“Creativity and innovation are the forces that drive our industry forward and in order for that to happen, we need more diverse viewpoints,” said David Kellie, CEO, NDC.
“This initiative is designed to support emerging BIPOC designers by giving them access to the diamond jewelry industry, which has traditionally been limited, and fostering their ingenuity and successes. We know that more diversity is needed in our field, and that this will benefit the designers and the industry as a whole.”
Barker certainly proved he’s a die-hard romantic with that engagement setup, but he also lives by a personal code of ethics, too.
He’s a long-time vegan, appearing in campaigns for PETA, and debunking vegan myths on Joe Rogan’s podcast. He’s often spotted at the Los Angeles vegan restaurant, Crossroads—it was where he took Kourtney on their first date! In 2010, Barker partnered with the often-political hip hop duo Run the Jewels on the single, “Forever,” with all profits going to the Next Level Boys Academy. It works to support young men to build confidence and self-respect.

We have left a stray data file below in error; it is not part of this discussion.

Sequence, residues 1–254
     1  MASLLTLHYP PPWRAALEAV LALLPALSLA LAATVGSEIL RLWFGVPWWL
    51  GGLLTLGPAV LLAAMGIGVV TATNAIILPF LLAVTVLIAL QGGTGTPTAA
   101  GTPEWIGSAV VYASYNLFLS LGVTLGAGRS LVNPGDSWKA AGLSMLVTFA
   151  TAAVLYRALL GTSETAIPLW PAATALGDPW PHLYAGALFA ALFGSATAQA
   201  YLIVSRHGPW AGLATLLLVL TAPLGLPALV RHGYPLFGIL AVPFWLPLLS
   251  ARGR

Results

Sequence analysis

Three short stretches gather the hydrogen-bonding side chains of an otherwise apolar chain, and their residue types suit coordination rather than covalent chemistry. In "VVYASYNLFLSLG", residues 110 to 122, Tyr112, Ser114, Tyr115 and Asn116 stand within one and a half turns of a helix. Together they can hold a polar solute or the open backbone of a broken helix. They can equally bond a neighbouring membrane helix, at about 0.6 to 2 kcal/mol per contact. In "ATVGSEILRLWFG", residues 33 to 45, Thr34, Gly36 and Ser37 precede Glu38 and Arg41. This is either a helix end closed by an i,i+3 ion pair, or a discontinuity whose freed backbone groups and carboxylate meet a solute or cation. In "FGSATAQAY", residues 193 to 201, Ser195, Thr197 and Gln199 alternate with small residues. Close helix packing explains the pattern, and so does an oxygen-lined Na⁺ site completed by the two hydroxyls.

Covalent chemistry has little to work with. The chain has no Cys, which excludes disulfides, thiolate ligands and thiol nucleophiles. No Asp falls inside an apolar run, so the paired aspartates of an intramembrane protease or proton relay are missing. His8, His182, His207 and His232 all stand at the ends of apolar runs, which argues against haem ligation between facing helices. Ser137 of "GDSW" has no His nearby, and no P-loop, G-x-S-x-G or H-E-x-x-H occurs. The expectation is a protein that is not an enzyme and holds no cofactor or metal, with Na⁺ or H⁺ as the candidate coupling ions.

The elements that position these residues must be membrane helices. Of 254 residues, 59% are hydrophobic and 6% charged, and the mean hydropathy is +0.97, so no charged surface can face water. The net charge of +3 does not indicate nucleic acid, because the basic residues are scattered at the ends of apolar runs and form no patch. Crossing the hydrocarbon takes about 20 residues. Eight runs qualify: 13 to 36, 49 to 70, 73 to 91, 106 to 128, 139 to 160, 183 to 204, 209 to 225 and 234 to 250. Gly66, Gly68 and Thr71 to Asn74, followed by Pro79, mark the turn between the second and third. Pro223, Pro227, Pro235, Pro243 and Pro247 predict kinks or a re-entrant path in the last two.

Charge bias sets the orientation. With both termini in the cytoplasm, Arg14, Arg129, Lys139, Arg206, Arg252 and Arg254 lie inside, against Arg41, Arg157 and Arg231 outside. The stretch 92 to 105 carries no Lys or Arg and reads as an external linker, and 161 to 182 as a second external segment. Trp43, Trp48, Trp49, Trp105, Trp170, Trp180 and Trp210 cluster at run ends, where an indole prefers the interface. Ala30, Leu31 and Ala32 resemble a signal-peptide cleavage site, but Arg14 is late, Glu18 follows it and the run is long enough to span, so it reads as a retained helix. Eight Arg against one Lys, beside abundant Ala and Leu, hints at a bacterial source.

His CBD product line, Barker Wellness, is crafted with the highest-quality ingredients and a commitment to efficacy.
So, is Kardashian’s engagement ethical? There’s still little information available about the ring itself—even Schwartz isn’t saying much.
“It’s a flawless, beautifully cut diamond stone,” Schwartz told PEOPLE.
“I worked on it with Travis and he was a really big part of it,” she said. “He was really hands-on in the whole making of it. It’s gorgeous and they’re happy.”
Conflict-Free diamond rings
Popping the question soon? Be like Lorraine Schwartz’s clients and go with an ethical, conflict-free diamond. One brand, in particular, Brilliant Earth, makes it easy (and a lot more affordable). The brand offers both conflict-free mined diamonds as well as lab-grown diamonds, and you can snag them for under $5,000.